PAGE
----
Religious Liberty
by Christopher Dodson,
Executive Director, North Dakota Catholic Conference
March 2003

In this respect, North Dakota follows the experiences of other states. Challenges to the autonomy and integrity of religious organizations seems to be the host issue around the country.

Quick. What do these bills introduced in the North Dakota legislature have in common?

•A bill requiring insurance coverage of contraception and infertility treatments;

•A bill restricting telemarketing;

•A bill allowing the attorney general to review and approve sales of nonprofit hospitals;

•A bill on teacher certification requirements;

•A bill to prevent harassment at a workplace.

Answer: They are some of the bills introduced so far that could infringe upon the exercise of religious liberty.

The legislators who introduced these bills did not intend that result. Indeed, most observers would not immediately recognize the problems. After all, what does restricting those pesky telemarketers have to do with religious freedom?

Imagine if the state required every church to pay a fee to the state before it could collect the weekly offertory and then prohibited the ushers from passing the basket to certain worshipers. Imagine also that the state told the pastor when and how it could ask for an offering. Finally, imagine that state law exempted churches from these requirements only the churches agreed to use only certain persons for ushers.

This may sound like an extreme case of interference with the free exercise of religion, but the telemarketing “no-call” legislation is not very different. The bill, as introduced, puts restrictions on when and how a church can communicate with its own adherents. In addition, it requires churches to buy a “no-call” list from the state - for up to $800 - unless they limit themselves to certain methods of communication.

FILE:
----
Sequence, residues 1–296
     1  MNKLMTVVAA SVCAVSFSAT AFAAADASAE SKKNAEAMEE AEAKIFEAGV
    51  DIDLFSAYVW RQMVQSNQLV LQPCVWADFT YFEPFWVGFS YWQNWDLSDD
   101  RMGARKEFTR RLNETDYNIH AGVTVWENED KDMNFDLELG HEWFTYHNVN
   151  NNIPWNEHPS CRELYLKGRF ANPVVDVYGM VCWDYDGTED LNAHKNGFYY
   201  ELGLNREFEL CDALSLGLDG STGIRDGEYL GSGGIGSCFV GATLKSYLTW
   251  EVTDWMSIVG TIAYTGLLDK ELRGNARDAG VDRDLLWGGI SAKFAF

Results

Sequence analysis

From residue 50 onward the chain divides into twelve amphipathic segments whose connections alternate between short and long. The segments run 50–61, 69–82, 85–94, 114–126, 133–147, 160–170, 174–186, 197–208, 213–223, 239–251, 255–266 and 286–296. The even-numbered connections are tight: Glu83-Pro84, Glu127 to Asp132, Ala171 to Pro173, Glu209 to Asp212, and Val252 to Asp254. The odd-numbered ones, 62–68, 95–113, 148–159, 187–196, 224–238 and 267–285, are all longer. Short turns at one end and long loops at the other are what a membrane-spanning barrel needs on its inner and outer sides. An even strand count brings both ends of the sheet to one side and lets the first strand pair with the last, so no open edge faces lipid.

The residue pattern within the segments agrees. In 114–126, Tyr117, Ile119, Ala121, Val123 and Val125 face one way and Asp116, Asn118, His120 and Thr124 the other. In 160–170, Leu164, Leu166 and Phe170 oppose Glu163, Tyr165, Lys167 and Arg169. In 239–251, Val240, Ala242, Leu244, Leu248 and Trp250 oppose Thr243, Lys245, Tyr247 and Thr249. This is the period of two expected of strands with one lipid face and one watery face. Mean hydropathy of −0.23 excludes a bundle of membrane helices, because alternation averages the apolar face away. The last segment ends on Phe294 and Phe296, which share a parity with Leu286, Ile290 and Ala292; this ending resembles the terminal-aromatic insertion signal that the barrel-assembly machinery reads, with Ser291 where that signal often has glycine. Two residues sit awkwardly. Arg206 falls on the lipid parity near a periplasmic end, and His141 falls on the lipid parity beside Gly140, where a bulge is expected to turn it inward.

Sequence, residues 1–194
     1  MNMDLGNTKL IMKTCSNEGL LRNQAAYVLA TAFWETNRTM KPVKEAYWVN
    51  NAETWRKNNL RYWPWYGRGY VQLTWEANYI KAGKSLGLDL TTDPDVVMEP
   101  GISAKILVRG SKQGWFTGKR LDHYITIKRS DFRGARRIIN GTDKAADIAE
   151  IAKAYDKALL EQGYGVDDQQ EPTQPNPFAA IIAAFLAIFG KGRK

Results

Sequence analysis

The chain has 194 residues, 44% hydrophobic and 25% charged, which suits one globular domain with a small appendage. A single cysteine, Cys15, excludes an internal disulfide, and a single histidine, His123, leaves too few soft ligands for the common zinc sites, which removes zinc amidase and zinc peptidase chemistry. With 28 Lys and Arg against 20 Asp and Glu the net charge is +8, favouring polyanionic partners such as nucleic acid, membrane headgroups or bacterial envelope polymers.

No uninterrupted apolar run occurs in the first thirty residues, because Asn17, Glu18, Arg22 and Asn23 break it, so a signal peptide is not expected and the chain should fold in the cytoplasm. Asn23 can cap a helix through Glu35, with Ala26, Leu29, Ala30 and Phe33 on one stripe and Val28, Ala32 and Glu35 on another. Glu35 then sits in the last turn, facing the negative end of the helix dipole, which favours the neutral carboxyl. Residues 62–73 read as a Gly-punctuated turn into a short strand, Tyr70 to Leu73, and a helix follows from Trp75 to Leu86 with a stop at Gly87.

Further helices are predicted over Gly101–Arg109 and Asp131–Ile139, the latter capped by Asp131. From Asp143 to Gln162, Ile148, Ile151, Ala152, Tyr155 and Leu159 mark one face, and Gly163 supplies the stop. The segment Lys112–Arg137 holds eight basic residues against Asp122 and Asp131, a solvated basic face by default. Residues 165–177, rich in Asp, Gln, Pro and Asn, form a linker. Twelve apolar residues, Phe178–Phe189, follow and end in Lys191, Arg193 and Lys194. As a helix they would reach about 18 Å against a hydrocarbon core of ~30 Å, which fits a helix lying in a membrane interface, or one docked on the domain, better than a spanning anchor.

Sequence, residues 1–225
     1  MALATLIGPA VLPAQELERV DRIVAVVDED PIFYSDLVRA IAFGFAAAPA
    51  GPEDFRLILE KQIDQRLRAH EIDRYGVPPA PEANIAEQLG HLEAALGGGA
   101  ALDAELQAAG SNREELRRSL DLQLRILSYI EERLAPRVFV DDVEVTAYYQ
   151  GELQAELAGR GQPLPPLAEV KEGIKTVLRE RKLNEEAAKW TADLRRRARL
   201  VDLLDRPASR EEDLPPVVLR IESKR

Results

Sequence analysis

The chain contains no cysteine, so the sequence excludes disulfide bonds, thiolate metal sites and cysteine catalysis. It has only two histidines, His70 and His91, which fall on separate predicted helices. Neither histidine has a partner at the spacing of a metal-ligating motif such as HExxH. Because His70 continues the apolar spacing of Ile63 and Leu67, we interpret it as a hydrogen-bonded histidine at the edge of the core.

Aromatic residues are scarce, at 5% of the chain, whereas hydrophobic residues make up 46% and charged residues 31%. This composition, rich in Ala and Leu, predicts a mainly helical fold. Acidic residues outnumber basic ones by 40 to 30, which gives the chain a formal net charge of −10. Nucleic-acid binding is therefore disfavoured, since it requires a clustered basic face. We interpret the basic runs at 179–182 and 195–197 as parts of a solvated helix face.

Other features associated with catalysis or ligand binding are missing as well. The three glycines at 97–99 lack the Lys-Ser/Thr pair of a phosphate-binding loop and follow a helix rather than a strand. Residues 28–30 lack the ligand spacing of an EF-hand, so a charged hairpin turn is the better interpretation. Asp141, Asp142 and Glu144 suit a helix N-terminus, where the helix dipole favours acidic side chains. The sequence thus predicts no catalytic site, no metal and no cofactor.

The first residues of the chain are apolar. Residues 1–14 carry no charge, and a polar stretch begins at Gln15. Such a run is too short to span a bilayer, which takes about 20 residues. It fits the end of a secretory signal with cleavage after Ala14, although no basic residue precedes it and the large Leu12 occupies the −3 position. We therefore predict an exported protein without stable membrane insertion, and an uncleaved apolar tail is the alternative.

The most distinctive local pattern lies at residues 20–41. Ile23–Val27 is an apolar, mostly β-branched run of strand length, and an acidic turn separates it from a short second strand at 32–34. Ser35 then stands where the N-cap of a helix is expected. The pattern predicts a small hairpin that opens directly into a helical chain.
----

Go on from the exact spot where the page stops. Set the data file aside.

Most people want to do something about annoying telemarketing calls. However, in our zest to address a legitimate problem, our perceptions can get clouded and we risk trampling on some fundamental rights. Even worse, some legislators seem willing to knowingly tolerate such infringements in order to achieve the bill’s other purpose.

We run the same risk with teacher certification. Most people want assurances that all of our teachers are qualified. For that reason, North Dakota requires both public and nonpublic school teachers to meet the same licensing standards. Those standards will have to change in response to the new No Child Left Behind Act. That act, passed by Congress and signed by the President, expressly applies only to public school teachers. Nevertheless, since the standards for the states public school teachers must change, the changes will also apply to nonpublic school teachers. If the proposed standards were for legitimate reasons to ensure quality, that might not be a problem. In this case, however, the changes are solely in response to the federal law. This sets a dangerous precedent. Nonpublic, especially religious, schools should not be subject to regulations unrelated to legitimate state needs.

Challenges to the autonomy and integrity of religious organizations are occurring all around the country. The cover a variety of issues including adoptions, health care, cemeteries, fund raising, schools, building projects, insurance, and taxes. We like to think that North Dakotans, with their high church attendance and affiliation rate, is immune from such efforts. We are not. If we are not vigilant, we could lose one of most fundamental freedoms.

Please note that by the time this column is published, some of the bills mentioned may have been defeated or greatly amended. I suggest you contact the North Dakota Catholic Conference office to find out the current status of legislation before taking any action.